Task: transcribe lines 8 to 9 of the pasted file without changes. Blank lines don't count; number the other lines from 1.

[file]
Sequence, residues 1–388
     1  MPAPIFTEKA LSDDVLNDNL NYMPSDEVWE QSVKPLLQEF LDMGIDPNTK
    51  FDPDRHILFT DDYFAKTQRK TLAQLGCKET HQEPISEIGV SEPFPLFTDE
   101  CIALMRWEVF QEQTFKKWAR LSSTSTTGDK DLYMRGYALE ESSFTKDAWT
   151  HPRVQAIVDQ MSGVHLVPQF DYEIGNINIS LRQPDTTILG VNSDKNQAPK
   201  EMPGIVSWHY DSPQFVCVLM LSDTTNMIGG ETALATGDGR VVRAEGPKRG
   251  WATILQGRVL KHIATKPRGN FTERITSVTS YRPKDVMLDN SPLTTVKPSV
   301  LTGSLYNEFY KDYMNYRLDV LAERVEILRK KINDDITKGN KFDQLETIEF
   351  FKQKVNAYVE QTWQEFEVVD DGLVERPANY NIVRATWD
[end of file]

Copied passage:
   301  LTGSLYNEFY KDYMNYRLDV LAERVEILRK KINDDITKGN KFDQLETIEF
   351  FKQKVNAYVE QTWQEFEVVD DGLVERPANY NIVRATWD